Feature of the Contemporary Workplace Term Paper

Pages: 6 (2536 words)  ·  Bibliography Sources: ≈ 9  ·  File: .docx  ·  Level: College Senior  ·  Topic: Business - Management

How should then these generations in a single workplace be effectively managed? Because Gen Y is the current headache, specific recommendations at this time include utilizing its peculiar and particularly useful energy and loyalty, even if they do overestimate their capabilities, which does pose a problem to management. Management, then, will do well to coach Gen Y, that is, letting Yers take advantage of their strengths while they are helped into realizing, understanding and dealing with their weaknesses. Management should also provide these Yers with direct and pure feedback, remembering that this is the stern world-beating achievers' generation. Considering their huge motivation and accompanying inexperience in tackling big projects at once, management should instead smaller assignments and goals, providing feedback and increasing levels of responsibility as they go along. (Sujansky) There are findings that Gen Yers indeed expect the organization to adapt to them rather than learning how the workplace functions and attuning themselves to these. But because Gen Yers are team-oriented, management should emphasize that they are to work with bright and creative employees.

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In a nutshell, management can deal with the present and easily bored but motivated Gen Y and its energies by posing challenging assignments for them; by coaching and teaching them, while supporting and encouraging them.(Sujansky); by providing state-of-the-art resources, since they may already have the latest technology right at home; make available the corresponding training which is online and on-the-job; offer autonomy, but just enough to utilize their verve without straining or choking themselves with it; observe flexibility, because Gen Yers have and want to maintain a life outside of the work sphere; fine-tune with their speedy communication pace; and make them your partners by eliciting and soliciting their ideas and contributions as a team. The key word is coach - coach this energetic generation in a direction that will be fair and gainful to management, to them and to society.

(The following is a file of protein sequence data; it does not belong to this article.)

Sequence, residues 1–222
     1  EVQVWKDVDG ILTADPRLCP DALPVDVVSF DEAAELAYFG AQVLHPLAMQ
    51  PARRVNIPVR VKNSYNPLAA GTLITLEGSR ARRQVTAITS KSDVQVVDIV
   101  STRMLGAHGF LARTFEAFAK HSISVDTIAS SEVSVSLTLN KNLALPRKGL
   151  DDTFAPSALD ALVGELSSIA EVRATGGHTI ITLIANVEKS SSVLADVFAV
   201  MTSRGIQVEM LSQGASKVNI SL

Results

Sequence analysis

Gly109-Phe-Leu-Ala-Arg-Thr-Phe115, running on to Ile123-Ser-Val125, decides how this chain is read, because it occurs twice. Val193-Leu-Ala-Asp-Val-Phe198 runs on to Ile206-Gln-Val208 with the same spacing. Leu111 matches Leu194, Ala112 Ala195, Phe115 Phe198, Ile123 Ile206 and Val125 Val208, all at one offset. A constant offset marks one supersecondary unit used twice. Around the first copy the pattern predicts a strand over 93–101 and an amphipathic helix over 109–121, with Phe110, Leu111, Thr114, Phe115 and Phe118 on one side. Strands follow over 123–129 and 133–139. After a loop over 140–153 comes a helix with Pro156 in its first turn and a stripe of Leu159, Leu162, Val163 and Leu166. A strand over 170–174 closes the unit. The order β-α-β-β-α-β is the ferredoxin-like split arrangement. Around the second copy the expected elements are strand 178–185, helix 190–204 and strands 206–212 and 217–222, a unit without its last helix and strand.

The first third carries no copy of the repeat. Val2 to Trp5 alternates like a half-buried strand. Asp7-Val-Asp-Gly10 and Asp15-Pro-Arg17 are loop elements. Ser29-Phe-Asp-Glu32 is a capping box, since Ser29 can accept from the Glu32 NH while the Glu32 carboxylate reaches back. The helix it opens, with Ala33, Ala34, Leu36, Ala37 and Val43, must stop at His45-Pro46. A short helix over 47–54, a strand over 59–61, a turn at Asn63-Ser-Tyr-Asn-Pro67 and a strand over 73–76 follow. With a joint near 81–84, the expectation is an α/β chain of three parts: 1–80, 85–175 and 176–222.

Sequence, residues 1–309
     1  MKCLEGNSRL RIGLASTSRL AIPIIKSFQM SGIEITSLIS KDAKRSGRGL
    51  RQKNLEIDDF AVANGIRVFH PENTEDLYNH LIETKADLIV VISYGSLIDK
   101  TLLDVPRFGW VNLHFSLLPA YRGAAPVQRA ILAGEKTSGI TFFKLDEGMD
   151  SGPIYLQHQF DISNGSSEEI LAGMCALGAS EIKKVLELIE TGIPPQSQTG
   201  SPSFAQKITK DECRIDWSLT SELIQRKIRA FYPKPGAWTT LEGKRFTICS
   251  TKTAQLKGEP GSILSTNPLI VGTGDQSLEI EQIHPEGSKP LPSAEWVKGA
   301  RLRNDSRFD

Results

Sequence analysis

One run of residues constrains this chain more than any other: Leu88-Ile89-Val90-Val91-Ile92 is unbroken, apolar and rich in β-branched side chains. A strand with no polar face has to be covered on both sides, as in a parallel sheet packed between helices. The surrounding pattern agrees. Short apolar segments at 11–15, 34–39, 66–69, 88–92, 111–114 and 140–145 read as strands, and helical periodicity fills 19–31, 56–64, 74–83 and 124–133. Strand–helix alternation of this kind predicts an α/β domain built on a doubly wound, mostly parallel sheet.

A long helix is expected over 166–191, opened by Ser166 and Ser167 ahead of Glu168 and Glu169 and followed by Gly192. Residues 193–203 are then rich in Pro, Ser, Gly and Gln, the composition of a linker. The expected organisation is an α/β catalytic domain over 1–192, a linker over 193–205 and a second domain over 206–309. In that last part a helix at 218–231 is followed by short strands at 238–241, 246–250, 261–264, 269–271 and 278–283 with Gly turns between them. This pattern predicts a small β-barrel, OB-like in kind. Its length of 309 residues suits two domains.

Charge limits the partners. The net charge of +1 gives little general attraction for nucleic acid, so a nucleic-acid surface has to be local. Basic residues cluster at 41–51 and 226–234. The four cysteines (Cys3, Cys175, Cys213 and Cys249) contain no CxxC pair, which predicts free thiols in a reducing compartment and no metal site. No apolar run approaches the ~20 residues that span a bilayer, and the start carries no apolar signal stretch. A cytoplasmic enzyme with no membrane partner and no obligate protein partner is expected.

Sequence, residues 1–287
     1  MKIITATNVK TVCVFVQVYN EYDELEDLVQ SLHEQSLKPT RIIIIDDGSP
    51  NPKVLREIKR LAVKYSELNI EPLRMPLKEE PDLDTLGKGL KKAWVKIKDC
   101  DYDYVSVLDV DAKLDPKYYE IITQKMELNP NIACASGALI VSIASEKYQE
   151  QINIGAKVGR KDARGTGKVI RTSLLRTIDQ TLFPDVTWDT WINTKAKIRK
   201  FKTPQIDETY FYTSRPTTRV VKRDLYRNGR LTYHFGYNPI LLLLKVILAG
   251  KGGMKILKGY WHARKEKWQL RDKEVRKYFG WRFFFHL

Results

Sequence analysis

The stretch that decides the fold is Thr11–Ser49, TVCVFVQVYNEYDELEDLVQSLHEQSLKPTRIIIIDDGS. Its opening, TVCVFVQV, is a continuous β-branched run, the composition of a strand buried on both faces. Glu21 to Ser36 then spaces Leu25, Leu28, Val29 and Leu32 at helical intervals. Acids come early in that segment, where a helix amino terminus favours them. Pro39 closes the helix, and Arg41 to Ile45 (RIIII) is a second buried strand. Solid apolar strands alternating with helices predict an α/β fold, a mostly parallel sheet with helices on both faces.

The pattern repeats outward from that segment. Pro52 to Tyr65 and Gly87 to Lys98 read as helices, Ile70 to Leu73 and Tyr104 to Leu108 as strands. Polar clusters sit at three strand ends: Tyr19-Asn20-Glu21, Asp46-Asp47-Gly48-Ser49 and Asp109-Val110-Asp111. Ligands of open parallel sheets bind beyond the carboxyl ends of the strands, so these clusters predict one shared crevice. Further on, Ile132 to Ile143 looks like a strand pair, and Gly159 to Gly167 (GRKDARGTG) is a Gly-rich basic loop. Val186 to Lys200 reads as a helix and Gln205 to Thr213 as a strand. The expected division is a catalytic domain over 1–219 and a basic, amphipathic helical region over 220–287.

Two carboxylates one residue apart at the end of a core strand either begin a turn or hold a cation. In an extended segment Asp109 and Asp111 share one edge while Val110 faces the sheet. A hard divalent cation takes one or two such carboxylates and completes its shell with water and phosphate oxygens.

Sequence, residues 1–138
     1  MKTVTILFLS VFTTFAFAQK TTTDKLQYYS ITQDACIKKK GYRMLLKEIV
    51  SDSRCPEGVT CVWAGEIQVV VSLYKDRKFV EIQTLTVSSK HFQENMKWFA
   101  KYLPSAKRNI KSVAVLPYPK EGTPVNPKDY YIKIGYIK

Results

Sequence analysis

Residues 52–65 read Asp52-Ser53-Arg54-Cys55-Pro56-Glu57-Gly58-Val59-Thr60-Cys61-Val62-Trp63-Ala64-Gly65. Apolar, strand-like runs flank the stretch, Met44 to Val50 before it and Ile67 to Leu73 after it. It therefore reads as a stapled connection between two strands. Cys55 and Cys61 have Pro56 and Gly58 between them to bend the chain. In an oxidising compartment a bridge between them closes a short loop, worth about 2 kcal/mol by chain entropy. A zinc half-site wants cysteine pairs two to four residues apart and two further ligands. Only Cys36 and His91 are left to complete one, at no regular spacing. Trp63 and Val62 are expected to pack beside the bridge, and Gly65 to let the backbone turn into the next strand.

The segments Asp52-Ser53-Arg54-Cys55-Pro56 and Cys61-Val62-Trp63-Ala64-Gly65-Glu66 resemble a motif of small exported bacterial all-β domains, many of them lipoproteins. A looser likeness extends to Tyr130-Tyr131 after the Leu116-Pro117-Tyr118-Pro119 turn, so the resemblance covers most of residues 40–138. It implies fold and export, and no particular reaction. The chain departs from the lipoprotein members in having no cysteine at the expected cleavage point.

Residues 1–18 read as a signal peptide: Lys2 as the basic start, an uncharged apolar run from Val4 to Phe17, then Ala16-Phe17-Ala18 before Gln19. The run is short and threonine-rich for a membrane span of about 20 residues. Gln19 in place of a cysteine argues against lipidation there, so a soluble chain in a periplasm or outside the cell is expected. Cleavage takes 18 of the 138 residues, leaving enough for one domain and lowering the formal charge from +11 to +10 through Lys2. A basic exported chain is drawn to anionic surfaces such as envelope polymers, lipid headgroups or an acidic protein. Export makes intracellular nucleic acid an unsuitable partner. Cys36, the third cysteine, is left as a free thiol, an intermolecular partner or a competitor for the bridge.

Term Paper on Feature of the Contemporary Workplace Assignment

Managing a workforce consisting of these widely varied generations calls for an integrated human resources style. Management should use each worker's uniqueness as a leverage and capitalize on the workers' individual points-of-view, styles and behaviors. (Martin). Taking all these in, focus should be made on the organization's mission or objective. The mission and the work that must achieve it can translate into the exact common ground for the collision of interests in the generation mix. Everyone in his own understanding should realize the importance of his individual role and that working together is the only effective way of getting their jobs done at fast pace, correctly and effectively. Right at that point, the workers can figure out whether they can or want to remain in their respective team or that workplace itself. And those who do can now begin to work in a setting where every role, every viewpoint and individual talents, experience and behavior are meaningful and valuable to the attainment of the overall mission and vision of the organization. (Martin)